Jacob Richardson | 22/09/2017
American Assassin is a loud misfire, characterised by out of place excessive violence and a senseless deviation from the source material that doesn’t pay off.
After he loses his girlfriend in a brutal terrorist attack, mere seconds after he proposes to her, Mitch Rapp (Dylan O’Brien) is filled with a vengeance that manifests itself in an attempt to take down a terrorist cell in Libya. Rapp is saved by by CIA Deputy Director Irene Kennedy (Sanaa Lathan) who thrusts him, and his newly developed martial arts and killing skills, into Stan Hurley’s (Michael Keaton) program for assassins. While Hurley may not like the green Rapp, he enlists his help to take down the mysterious Ghost (Taylor Kitsch), after nuclear material goes missing.
Vince Flynn’s novel, exploring the origin story to the prolific hero of his expansive written series, is a brilliant look back at the makings of a modern day literature hero. It also gives great insight to the ability of certain ‘assassinations’ to have an effect on the operations of Governments and terrorist organisations. In this way, for a spy novel about a stereotypical American spy, it is quite nuanced. Unfortunately, American Assassin director Michael Cuesta (Kill The Messenger) utterly bastardises the story, bludgeoning what was once intricate material into a cookie-cutter spy film that brings new meaning to the term rote.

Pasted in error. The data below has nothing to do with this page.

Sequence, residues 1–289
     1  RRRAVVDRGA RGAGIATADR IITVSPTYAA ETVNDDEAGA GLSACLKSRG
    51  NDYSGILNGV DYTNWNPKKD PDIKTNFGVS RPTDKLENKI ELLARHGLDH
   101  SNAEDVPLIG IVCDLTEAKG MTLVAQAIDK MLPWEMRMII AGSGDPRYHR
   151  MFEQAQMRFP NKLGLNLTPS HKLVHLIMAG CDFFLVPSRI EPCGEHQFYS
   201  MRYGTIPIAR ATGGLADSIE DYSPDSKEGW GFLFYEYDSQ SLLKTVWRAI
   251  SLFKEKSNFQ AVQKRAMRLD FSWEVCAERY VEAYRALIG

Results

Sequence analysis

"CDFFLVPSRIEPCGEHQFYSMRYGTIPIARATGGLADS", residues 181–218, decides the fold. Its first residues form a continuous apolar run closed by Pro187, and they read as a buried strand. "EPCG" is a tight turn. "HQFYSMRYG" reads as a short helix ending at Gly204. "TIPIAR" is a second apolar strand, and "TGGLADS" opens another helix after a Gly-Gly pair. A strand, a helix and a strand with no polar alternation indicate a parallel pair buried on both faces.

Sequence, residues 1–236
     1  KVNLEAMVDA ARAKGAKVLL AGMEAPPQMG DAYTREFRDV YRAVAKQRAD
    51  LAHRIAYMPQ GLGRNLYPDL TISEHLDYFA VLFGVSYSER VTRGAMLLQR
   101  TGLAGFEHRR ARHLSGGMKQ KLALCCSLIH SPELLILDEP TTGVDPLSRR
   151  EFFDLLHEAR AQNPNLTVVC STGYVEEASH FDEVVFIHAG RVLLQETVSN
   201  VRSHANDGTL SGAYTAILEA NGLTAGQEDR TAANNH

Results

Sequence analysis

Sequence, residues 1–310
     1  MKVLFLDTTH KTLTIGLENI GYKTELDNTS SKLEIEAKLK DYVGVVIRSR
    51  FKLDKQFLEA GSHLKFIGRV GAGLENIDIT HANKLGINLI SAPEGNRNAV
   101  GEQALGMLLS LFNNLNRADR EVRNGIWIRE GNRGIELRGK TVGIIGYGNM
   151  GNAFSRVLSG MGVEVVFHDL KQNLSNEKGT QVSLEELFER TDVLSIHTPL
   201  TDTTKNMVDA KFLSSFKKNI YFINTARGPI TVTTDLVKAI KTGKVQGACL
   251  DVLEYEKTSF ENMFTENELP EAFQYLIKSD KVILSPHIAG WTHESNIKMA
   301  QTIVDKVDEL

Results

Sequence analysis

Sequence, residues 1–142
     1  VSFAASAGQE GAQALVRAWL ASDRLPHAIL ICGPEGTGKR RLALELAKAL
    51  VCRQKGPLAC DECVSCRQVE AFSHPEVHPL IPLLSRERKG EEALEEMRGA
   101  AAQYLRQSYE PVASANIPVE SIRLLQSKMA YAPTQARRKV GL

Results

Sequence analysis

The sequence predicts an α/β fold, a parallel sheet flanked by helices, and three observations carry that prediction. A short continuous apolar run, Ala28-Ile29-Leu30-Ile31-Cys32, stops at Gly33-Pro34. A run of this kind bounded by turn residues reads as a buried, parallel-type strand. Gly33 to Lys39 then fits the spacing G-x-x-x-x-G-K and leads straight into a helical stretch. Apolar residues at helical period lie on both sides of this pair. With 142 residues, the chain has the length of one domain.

American Assassin also fails to achieve a consistent tone. O’Brien plays it incredibly po-faced, with enough gusto to deliver some solid action scenes, but his young facial scruff make it incredibly tough to believe his hardened killer persona. In fact, it’s only Keaton who gives a noteworthy performance, delivering some incredibly hammy dialogue with enough knowing relish to make it enjoyable.
This tonal shift also occurs with the gratuitous violence. While most of the scenes are relatively tame, Cuesta dials it up to 10 whenever something violent does occur. This makes certain scenes tremendously affecting (the beach shooting is incredibly immersive for the most part), but for the majority of the movie, it feels out of place and breaks that suspension of disbelief.
American Assassin turns great source material into another paint-by-numbers spy thriller.